The following is paraphrased documentation, authored by a physician I know, regarding an intoxicated patient in the ER:
1 a.m.: Patient is telling nurse, “Before I leave, I need everyone’s name for my lawsuit. Tell the phlebotomist that if he’s good, he’ll get a cut.”
1:40 a.m.: Patient is making inappropriate sexual comments and is verbally aggressive with medical staff. He is advised to stay in bed.
2:02 a.m.: Patient (who had been sleeping comfortably) wakes up and begins screaming obscenities at everyone. When a nurse asks why he was angry, he says, “What do you think, mother f*****? I will wipe your a**.” Multiple attempts to calm patient fail.
As I sat by myself, thinking about the somewhat comical story, I realized that it really was not funny at all. This is the status quo. Health care professionals deal with patients like the one above every day. The verbal abuse and physical threats are so common that we have settled in to just trying to find some humor in them. This type of abuse is not unique to the health care field, but the difference is that you cannot just stop treating your abuser. You have to make sure he or she gets better. You cannot fire a patient in an ER who would die in the street if you kicked him out. Every doc or nurse has an anecdote in which they have been spit on, urinated on, cursed at, assaulted, or threatened.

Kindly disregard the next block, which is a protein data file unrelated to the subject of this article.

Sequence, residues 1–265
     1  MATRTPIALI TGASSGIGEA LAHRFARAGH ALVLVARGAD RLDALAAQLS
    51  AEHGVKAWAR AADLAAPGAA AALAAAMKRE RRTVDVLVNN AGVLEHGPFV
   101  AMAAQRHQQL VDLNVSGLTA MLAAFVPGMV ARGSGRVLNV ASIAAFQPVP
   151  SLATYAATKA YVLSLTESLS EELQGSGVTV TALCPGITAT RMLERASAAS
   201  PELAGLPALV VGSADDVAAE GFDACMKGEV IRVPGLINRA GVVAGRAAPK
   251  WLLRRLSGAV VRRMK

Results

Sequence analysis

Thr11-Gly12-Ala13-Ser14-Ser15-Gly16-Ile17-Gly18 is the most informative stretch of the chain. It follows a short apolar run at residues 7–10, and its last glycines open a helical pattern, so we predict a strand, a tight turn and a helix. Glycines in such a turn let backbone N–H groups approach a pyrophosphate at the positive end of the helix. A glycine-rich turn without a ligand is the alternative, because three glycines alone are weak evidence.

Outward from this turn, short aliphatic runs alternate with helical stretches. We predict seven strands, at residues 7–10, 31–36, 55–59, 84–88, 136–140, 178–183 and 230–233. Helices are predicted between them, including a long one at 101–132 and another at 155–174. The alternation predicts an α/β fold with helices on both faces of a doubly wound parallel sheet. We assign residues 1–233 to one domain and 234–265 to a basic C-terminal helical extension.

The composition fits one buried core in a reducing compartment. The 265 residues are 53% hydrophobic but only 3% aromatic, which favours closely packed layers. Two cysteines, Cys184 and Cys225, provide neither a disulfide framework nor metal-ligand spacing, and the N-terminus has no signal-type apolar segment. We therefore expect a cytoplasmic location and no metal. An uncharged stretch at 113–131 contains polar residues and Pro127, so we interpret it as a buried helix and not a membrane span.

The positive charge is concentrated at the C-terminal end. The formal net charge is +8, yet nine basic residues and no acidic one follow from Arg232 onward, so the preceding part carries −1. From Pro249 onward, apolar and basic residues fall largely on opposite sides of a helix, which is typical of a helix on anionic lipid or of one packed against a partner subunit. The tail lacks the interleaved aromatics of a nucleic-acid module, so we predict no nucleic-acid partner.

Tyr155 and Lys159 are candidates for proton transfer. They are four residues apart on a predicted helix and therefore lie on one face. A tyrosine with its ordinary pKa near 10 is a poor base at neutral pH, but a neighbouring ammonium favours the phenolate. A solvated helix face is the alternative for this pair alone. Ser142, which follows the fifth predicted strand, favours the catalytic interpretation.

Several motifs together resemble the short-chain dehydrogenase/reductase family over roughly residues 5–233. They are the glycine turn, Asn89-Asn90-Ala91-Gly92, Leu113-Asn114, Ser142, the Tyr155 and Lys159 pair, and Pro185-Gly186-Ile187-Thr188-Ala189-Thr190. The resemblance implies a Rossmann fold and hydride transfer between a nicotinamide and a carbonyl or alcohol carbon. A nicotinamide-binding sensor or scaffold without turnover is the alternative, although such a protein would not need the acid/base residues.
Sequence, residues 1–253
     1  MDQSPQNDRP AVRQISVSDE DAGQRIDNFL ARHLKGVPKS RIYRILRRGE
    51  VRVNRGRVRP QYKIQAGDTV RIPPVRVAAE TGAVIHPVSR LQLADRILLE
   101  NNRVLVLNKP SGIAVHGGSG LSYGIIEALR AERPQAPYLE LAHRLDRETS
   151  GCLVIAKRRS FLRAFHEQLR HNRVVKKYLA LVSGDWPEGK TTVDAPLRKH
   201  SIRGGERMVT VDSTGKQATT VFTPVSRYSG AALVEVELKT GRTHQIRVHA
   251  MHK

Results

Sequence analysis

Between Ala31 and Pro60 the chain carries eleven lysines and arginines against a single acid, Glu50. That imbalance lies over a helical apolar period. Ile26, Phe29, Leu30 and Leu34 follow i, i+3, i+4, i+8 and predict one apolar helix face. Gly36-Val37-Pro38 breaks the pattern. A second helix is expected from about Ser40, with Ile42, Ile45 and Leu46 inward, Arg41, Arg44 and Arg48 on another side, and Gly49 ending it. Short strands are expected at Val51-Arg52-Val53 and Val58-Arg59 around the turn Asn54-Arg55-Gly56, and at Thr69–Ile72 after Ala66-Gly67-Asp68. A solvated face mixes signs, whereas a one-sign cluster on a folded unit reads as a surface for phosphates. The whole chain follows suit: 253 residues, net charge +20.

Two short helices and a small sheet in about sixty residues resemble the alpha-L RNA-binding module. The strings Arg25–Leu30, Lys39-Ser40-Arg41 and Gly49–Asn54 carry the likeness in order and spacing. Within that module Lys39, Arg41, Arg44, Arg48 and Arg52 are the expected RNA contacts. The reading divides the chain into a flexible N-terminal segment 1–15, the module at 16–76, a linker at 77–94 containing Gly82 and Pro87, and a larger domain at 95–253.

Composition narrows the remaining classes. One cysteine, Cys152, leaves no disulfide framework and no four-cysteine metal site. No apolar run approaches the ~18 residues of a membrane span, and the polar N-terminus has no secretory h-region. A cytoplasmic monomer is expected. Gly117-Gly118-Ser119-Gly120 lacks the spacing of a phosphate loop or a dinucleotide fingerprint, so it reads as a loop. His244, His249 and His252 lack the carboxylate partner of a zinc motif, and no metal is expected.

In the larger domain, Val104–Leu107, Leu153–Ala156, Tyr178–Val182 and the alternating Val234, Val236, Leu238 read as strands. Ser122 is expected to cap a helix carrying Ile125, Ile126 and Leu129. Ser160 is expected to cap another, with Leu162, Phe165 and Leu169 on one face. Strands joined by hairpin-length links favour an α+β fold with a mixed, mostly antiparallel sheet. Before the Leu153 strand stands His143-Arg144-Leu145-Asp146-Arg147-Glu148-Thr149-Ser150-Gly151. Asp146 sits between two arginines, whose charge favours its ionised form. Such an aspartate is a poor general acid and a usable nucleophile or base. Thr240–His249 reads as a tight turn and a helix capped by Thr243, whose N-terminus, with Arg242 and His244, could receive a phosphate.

In the medical world, we do not talk a lot about this aspect of our training and experience. Incoming residents have no idea that, along with their medical education, they will be getting a pedagogy in dealing with some seriously aggressive personalities. Whether it is a drunk patient in the ED, an angry family member, or the overtly psychotic patient on the psych ward, being on guard becomes second nature.
I remember one resident laughing hysterically as he described an enraged patient using the TV remote as weapon against his caretakers, swinging it in circles like a lasso. Or the time a family member broke into the medical lounge and attempted to physically intimidate a resident into changing a medical plan for a dying patient in the ICU. I have seen female trainees and attendings cat-called, harassed (both physically and verbally), and made to feel unsafe by the people they care for. It is tough to diagnose and treat someone when you cannot put your hands on them without fear of a violation of personal space.
This is medicine. There is so much beauty in the patient-doctor relationship and so much that I could say about the wonderful people whom I have learned from and loved while they were under my care. But, like anything else in life, medicine has a dark side that we rarely discuss with people outside of the field. With an increasing percentage of doctors feeling unappreciated, abused, and depressed, maybe it is time to share the whole story.